For Immediate Release
29 July 2009
Berkeley, CA–When the United Nations meets in Copenhagen, Denmark this December to hash out a new climate protocol, whose voices will they listen to? In the past, the UN has been successful at shutting out the voices of those who are most impacted by the climate. This needs to change.
As Fiu Mata’ese Elisara-Laula of the O Le Siosiomaga Society of Samoa, pointed out during the 2007 UN Climate Convention in Bali, Indonesia, “This [international climate negotiation] process has become nothing but developed countries avoiding their responsibilities to cut emissions and pushing the responsibility onto developing countries. [False solutions] sound very nice but they are trashing our indigenous lands. People are being relocated and even killed; my own people will soon be under water. The money from these projects is blood money.”
Fiu’s voice needs to be heard. And that is one of the reasons why Global Justice Ecology Project launched the New Voices on Climate Change initiative last December at the UN Climate Talks in Poznan, Poland. Since that launch hundreds of interviews have succeeded in reaching thousands of people in North America and globally.
As fall approaches New Voices on Climate Change is moving forward in its attempt to reach a larger audience with the goal of broadening the climate debate by amplifying the voices of peoples around the world who are already being impacted by climate change. Some of the upcoming activities include:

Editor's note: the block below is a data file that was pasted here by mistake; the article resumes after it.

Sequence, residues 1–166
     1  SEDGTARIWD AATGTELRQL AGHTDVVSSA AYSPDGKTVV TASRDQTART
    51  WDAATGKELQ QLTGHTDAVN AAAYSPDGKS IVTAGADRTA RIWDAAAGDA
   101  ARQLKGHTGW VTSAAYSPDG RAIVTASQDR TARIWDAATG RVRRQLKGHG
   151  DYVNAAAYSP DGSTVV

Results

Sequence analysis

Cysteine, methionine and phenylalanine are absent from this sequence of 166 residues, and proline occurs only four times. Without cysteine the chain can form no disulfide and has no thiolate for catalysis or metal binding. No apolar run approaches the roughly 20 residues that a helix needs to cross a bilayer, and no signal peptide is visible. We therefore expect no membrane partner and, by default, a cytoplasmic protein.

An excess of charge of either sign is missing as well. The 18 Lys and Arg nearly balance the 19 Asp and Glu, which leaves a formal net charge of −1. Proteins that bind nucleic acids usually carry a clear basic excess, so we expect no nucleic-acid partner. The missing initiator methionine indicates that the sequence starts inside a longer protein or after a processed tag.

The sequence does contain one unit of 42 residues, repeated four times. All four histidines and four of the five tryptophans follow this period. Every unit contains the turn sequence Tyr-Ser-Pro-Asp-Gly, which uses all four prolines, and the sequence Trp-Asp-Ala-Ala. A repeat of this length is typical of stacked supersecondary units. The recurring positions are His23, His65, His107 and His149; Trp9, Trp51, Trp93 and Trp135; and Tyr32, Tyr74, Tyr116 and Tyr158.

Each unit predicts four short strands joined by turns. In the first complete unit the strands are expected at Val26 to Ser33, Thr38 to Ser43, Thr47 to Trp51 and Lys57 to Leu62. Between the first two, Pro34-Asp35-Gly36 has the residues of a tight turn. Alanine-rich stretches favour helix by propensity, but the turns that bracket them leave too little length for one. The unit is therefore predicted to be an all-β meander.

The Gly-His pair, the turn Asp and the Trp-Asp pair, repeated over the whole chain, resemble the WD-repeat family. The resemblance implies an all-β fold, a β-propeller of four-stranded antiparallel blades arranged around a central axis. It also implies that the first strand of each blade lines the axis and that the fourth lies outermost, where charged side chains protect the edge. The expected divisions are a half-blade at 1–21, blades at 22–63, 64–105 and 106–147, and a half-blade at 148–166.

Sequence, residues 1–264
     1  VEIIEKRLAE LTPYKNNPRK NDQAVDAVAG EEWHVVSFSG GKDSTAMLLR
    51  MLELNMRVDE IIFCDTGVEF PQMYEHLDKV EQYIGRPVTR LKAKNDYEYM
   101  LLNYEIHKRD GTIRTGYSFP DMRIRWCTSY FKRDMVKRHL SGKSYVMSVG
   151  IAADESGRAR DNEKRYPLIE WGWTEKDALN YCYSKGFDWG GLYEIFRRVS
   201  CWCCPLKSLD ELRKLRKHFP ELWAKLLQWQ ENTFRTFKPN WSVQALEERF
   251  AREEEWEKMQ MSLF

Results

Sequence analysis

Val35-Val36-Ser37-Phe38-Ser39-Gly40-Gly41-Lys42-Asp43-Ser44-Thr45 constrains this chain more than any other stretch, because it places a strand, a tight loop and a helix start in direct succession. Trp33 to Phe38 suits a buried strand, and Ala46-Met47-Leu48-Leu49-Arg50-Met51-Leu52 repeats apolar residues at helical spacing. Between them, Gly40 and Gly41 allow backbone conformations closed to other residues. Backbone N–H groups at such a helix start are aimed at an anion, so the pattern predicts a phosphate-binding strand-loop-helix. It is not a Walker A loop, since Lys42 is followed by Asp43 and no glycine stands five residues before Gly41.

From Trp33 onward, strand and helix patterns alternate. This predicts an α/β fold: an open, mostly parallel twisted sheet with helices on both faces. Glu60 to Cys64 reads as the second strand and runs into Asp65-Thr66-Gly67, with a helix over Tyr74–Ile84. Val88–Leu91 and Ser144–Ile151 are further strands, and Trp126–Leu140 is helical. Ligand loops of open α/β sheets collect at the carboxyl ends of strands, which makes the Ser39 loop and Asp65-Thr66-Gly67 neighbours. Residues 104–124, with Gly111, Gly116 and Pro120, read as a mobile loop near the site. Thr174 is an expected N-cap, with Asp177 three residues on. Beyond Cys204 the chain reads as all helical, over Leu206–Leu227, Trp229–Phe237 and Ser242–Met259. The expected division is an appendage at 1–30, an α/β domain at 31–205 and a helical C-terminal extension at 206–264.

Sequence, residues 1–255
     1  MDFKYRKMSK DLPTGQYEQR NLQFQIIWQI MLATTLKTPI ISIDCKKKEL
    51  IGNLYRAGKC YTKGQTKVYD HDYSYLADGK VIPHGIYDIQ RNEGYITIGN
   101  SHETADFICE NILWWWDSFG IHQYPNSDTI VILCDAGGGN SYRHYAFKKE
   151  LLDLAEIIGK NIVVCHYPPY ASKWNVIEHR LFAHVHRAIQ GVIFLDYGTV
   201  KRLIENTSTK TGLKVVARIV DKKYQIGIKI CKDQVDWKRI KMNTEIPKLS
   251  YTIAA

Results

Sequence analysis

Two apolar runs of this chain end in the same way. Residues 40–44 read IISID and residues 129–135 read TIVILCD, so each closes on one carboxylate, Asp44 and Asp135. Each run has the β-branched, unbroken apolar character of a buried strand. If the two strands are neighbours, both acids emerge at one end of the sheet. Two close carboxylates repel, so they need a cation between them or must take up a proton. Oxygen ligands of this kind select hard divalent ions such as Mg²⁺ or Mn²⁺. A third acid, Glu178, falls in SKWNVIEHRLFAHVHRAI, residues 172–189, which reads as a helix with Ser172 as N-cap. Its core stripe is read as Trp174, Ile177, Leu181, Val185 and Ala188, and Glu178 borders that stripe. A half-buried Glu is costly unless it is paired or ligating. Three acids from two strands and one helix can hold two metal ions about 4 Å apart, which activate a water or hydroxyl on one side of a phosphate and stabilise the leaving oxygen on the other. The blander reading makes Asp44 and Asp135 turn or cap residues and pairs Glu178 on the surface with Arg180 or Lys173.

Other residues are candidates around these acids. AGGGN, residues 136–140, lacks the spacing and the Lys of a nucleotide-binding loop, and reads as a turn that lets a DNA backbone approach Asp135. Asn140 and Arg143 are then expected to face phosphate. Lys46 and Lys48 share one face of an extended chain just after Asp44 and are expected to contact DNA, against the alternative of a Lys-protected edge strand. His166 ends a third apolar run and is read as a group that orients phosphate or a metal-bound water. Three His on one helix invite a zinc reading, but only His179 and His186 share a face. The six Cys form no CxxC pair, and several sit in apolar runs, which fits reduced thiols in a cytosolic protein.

–Speaking tours across North America throughout the fall and early winter in collaboration with the Mobilization for Climate Justice.
–Presence at the G-20 meetings this September in Pittsburgh, PA; International Day in Defense of Mother Earth and Indigenous Peoples on 12 October 2009; 24 October 2009 day of action; climate actions on 30 November 2009 (10th Anniversary of the historic WTO Shut-down in Seattle, WA); and the UN Framework Convention on Climate Change in Copenhagen, Denmark in December.
–A continual aggressive media campaign to ensure that new voices that promote climate justice are heard and not drowned out by corporate or governmental interests.
“We launched New Voices on Climate Change specifically to highlight the voices of those people most impacted by climate change, the fossil fuels industry and corporate-driven false solutions to climate change,” stated Anne Petermann, Global Justice Ecology Project‘s Executive Director. “Especially in the U.S. the climate change debate is dominated and focused almost exclusively on climate science. We launched New Voices to expose the true costs of climate change so that we can all start having the critically important conversation about what we really need to do to solve the climate problem in a truly just and ecologically appropriate way,” she added.